In May 1951 Livingston served for a year on the National Wage Stabilization Board in Washington. He played an important role in establishing policies free from the limitations of the War Labor Board, its World War II counterpart.
At the December 1965 convention of the AFL-CIO in San Francisco, Livingston retired at the youthful age of 57. From then until October 2, 1967, Livingston operated his cattle farm in the Ozarks. From then until 1968, he worked on the assembly line at the Fisher body plant in St. Louis and farmed on weekends.
In March 1968, President George Meany appointed Livingston as director of union relations of the National Alliance of Businessmen (NAB). To demonstrate the importance of the assignment the AFL‑CIO contributed Livingston’s services with the NAB, established at the suggestion of President Johnson to undertake a program to employ the hard‑core unemployed.
John William Livingston married Rubye Britt on May 9, 1931. He is known to his friends as Jack. In his leisure hours he enjoys hunting and fishing. Business Week (November 19, 1955) noted that he had “a jovial, likeable personality; he is scrupulously honest and fair. His staff members swear by him.”
At 88 years old, on May 25 in Westphalia, Missouri, Livingston died of unreported causes.
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By Charles C. Mann
Im a big fan of Charles Manns previous book 1491: New Revelations of the Americas Before Columbus, in which he provides a sweeping and provocative examination of North and South America prior to the arrival of Christopher Columbus. Its exhaustively researched but so wonderfully written that its anything but exhausting to read. With his follow-up, 1493, Mann has taken it to a new, truly global level. Building on the groundbreaking work of Alfred Crosby (author of The Columbian Exchange and, Im proud to say, a fellow Nantucketer), Mann has written nothing less than the story of our world: how a planet of what were once several autonomous continents is quickly becoming a single, globalized entity.
Mann not only talked to countless scientists and researchers; he visited the places he writes about, and as a consequence, the book has a marvelously wide-ranging yet personal feel as we follow Mann from one far-flung corner of the world to the next. And always, the prose is masterful. In telling the improbable story of how Spanish and Chinese cultures collided in the Philippines in the sixteenth century, he takes us to the island of Mindoro whose southern coast consists of a number of small bays, one next to another like tooth marks in an apple. We learn how the spread of malaria, the potato, tobacco, guano, rubber plants, and sugar cane have disrupted and convulsed the planet and will continue to do so until we are finally living on one integrated or at least close-to-integrated Earth. Whether or not the human instigators of all this remarkable change will survive the process they helped to initiate more than five hundred years ago remains, Mann suggests in this monumental and revelatory book, an open question.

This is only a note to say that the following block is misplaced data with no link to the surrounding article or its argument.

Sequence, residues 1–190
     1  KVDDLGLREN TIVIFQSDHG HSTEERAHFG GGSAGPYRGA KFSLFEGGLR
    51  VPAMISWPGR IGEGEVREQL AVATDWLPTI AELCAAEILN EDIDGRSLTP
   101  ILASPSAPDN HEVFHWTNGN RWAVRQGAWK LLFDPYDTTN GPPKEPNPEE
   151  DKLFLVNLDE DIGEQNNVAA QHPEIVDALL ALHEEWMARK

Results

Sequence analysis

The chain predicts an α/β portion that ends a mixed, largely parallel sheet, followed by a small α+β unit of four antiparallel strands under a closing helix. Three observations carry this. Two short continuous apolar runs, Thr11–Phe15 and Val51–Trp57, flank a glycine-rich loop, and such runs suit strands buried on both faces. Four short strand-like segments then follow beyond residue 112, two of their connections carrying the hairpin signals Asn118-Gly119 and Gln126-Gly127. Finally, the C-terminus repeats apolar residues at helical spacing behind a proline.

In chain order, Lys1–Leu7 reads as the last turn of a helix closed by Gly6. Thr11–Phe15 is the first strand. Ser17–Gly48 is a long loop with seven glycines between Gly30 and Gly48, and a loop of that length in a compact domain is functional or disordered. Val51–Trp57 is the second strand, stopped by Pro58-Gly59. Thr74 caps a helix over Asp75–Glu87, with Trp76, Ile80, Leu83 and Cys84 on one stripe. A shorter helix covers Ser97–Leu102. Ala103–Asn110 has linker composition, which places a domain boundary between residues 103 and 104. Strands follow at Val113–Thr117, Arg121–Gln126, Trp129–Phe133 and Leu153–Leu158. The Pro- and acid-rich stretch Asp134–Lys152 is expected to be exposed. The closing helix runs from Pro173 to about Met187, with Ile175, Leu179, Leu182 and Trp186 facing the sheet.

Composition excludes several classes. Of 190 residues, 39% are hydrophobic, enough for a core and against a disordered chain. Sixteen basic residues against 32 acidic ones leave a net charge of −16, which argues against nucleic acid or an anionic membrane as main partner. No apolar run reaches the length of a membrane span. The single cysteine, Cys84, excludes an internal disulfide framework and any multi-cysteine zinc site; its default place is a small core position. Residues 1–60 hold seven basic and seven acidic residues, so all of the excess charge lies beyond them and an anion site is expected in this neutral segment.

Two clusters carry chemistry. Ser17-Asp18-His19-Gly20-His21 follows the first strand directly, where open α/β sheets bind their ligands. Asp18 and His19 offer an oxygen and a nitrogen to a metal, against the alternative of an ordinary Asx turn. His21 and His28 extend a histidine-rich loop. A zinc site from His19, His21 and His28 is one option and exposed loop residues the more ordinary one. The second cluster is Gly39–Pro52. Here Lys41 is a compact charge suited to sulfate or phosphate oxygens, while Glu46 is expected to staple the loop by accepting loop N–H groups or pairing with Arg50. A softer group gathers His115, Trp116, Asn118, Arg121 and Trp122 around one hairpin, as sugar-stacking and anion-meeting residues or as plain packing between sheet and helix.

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By Melissa V. Harris-Perry
According to the author, this society has historically exerted considerable pressure on black females to fit into one of a handful of stereotypes, primarily, the Mammy, the Matriarch or the Jezebel. The selfless Mammys behavior is marked by a slavish devotion to white folks domestic concerns, often at the expense of those of her own familys needs. By contrast, the relatively-hedonistic Jezebel is a sexually-insatiable temptress. And the Matriarch is generally thought of as an emasculating figure who denigrates black men, ala the characters Sapphire and Aunt Esther on the television shows Amos and Andy and Sanford and Son, respectively.
Professor Perry points out how the propagation of these harmful myths have served the mainstream culture well. For instance, the Mammy suggests that it is almost second nature for black females to feel a maternal instinct towards Caucasian babies.
As for the source of the Jezebel, black women had no control over their own bodies during slavery given that they were being auctioned off and bred to maximize profits. Nonetheless, it was in the interest of plantation owners to propagate the lie that sisters were sluts inclined to mate indiscriminately.
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From The World and Africa, 1965
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updated 25 July 2008